Finally, we wanted to examine how common it’s to attend work-related virtual meetings during downtime.

Have a look at the data:


This sort of continued connection doesn’t do much favor.

After all, working on a break for just one hour daily can make you 43% more likely to have a problem remembering your vacation, according to a study from the University of Texas and vacation rental site HomeAway.

So employees, take note!

Most Bosses Expect Workers To Be Reachable While on “Unplug”

Did you know?

Several countries have taken action to ensure workers get a break from work.

France is leading the way with the “right to disconnect,” a law that requires companies to establish designated periods when employees aren’t obligated to send/receive work emails.

You might already be familiar with it thanks to Netflix’s “Emily in Paris” series.

Spain, Italy, Portugal, Germany, and Scotland are following suit.


When it comes to the US, we’re still lagging with no such legislation yet in place.

The result?

A full 89.76% of pollees say their employers expect them to check or respond to work-related emails, messages, or calls while on vacation.

It gets worse.

When we asked American employees if they’d ever felt pressure to cut their vacation short to return to work, 90% answered in the affirmative:

Whether that pressure was real or imagined, it reflects a need for more robust vacation policies in North America.

That’s further proven by 87% of respondents who agree or strongly agree that employers should be forbidden from contacting employees on vacation unless it’s an emergency:

“Employers Should Be Forbidden From Contacting Employees on Vacation Unless It’s an Emergency”Share
Strongly agree25%
Neutral / No opinion12%
Strongly disagree1%

Perhaps it’s time to take a cue from our European colleagues?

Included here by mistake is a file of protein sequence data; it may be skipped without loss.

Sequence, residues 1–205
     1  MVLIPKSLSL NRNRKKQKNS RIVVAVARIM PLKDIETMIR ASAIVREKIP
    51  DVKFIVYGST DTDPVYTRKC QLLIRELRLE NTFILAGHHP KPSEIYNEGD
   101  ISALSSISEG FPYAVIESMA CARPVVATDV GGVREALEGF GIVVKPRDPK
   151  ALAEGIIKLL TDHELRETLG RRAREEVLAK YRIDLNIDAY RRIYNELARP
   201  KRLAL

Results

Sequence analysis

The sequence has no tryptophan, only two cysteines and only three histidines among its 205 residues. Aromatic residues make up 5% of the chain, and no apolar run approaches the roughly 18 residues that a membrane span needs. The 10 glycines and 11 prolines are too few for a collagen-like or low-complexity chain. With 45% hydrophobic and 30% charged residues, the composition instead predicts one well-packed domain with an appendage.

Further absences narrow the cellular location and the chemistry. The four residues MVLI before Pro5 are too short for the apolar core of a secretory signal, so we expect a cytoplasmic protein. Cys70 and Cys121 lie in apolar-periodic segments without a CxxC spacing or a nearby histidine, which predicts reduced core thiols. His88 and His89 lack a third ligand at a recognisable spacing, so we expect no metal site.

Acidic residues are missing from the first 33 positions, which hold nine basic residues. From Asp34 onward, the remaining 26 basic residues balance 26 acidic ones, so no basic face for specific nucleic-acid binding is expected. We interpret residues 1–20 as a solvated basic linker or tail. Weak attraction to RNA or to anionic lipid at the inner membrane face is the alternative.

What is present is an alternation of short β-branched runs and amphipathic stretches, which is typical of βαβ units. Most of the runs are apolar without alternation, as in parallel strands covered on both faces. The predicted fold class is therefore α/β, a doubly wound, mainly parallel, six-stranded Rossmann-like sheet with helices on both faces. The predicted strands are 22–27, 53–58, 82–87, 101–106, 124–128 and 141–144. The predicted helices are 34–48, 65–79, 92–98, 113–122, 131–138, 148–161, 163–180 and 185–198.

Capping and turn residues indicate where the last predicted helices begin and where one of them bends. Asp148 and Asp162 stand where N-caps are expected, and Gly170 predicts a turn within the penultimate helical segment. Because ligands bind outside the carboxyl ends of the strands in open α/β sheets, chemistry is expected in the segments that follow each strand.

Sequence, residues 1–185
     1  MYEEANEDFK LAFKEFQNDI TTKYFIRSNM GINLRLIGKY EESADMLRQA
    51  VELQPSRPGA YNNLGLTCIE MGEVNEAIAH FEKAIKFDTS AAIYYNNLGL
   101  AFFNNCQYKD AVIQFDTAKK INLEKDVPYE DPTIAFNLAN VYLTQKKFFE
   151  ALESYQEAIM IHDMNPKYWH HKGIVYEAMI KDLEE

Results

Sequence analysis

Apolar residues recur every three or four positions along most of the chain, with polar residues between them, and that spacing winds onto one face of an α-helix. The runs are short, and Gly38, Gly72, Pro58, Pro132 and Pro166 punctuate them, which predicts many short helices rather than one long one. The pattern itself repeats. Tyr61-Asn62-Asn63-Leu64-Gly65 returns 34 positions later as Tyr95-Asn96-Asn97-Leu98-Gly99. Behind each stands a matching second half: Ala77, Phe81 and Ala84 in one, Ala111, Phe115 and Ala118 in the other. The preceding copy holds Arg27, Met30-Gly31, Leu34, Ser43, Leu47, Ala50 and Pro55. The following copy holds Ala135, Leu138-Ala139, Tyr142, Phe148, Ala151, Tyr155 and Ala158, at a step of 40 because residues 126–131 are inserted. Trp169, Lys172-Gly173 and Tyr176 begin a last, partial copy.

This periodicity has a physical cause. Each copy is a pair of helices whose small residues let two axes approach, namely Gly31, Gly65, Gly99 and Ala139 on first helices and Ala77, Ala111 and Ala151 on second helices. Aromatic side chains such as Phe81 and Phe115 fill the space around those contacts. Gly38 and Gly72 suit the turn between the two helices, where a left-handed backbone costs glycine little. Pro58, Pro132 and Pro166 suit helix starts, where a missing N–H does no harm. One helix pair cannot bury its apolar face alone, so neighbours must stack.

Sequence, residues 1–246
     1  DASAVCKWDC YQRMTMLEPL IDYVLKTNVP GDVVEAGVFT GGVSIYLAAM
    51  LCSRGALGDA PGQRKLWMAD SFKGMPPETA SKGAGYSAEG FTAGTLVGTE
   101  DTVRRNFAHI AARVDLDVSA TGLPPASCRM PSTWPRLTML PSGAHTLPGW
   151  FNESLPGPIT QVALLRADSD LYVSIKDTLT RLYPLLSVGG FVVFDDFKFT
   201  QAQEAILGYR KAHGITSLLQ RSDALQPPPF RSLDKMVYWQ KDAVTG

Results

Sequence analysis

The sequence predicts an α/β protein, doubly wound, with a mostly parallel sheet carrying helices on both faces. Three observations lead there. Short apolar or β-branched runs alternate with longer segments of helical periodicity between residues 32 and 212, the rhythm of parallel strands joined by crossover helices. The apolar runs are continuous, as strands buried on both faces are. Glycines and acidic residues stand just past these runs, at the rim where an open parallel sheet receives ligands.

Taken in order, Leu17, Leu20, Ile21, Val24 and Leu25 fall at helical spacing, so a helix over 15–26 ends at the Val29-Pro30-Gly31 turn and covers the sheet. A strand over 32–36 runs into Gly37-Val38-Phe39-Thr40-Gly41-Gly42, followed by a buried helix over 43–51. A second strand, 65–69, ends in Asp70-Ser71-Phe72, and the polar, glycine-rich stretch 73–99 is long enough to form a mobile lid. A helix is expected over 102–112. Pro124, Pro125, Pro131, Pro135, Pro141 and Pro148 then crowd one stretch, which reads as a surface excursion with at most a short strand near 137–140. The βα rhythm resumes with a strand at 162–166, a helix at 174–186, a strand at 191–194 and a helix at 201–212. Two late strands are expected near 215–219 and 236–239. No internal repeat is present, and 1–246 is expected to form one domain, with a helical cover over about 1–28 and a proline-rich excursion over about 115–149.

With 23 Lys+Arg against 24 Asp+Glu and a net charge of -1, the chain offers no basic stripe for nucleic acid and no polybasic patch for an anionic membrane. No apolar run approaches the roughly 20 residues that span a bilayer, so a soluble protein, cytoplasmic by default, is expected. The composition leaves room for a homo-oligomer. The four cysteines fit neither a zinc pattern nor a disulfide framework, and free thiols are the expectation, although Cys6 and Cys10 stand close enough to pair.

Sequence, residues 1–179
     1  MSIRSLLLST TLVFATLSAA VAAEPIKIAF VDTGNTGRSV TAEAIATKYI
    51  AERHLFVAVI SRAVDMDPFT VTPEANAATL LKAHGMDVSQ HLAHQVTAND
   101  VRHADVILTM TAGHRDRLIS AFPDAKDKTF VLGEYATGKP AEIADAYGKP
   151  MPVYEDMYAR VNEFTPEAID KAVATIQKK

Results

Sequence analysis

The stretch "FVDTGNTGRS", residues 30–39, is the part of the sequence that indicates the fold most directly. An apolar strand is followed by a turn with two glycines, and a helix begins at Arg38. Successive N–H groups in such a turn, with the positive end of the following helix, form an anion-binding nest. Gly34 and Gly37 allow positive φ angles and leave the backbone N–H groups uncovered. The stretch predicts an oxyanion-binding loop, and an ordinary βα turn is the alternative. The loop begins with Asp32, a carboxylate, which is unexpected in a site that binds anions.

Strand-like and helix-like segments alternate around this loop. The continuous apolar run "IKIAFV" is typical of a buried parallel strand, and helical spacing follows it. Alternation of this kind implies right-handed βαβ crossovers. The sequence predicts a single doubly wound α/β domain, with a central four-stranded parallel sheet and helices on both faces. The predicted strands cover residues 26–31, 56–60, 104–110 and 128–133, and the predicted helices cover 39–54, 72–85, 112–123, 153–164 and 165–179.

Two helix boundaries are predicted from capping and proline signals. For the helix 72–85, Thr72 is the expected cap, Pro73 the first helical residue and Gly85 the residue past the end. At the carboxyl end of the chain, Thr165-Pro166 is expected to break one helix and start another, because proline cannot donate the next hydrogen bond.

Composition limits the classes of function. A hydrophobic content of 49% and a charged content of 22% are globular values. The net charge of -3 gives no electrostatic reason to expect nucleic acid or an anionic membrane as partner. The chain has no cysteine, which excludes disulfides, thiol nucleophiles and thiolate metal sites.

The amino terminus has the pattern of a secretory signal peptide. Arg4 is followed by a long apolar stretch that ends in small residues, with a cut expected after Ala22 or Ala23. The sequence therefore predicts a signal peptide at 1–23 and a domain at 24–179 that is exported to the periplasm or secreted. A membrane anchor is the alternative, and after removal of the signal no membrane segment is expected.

The Vast Majority of Workers Have Faced the Music Over Being Unreachable

At this stage, we wanted to gauge if workers have ever experienced repercussions for not responding to work emails, messages, or calls during their time off.

Let’s have a look at the results:

Here’s what form the repercussions typically take:

How Were You Penalized for Being Unreachable While on VacationShare
I was excluded from an important project18%
I had to complete additional work on my return17.66%
I was passed over for a promotion16.99%
I received a warning from my boss16.99%
I was given a poor performance review14.06%
I lost out on a raise6.07%


It’s now easy to see why so many of us stay in the conversation during absence.

Stacking It All Up

There you have it.

A comprehensive look at America’s work habits on vacation.


Do you feel your employer expects you to be reachable while on a break? Have you ever faced backlash from colleagues or managers for not responding to emails, texts, or calls?

Let us know in the comments below.


We conducted an online survey of 889 US respondents via a bespoke online polling tool in March 2023.

The respondents were 74.8% male and 25.2% female. 10% of respondents were 26 or younger, 75.8% were aged 27–42, 12.9% were aged 43–58, and 1.2% were 59–68.

This survey has a confidence level of 95% and a margin of error of 3%. Given the gender and age makeup of our sample size, the study’s findings are statistically significant for the population at large.

This study was created through multiple research steps, crowdsourcing, and surveying. Data scientists reviewed all survey participants’ responses for quality control. ​​The survey also had an attention-check question.


  • Gielan M., Achor S., “The Data-Driven Case for Vacation”
  • Gordon N., “This $8 Billion Startup Is Fining Employees $1,200 for Contacting Colleagues on Vacation”
  • Skynova, “Vacation Time Around the World”
  • Zetlin M., “Why Taking Time Off Is Good for Your Brain

Max Woolf is a writer and travel lover at Passport Photo Online. His insights, advice, and commentary have been featured in Forbes, Inc., Business Insider, Fast Company, Entrepreneur, BBC, MSN, NBC, Yahoo, USA Today, Fox News, AOL, The Ladders, TechRepublic, Reader’s Digest, Glassdoor, Stanford, G2, and 300+ other outlets.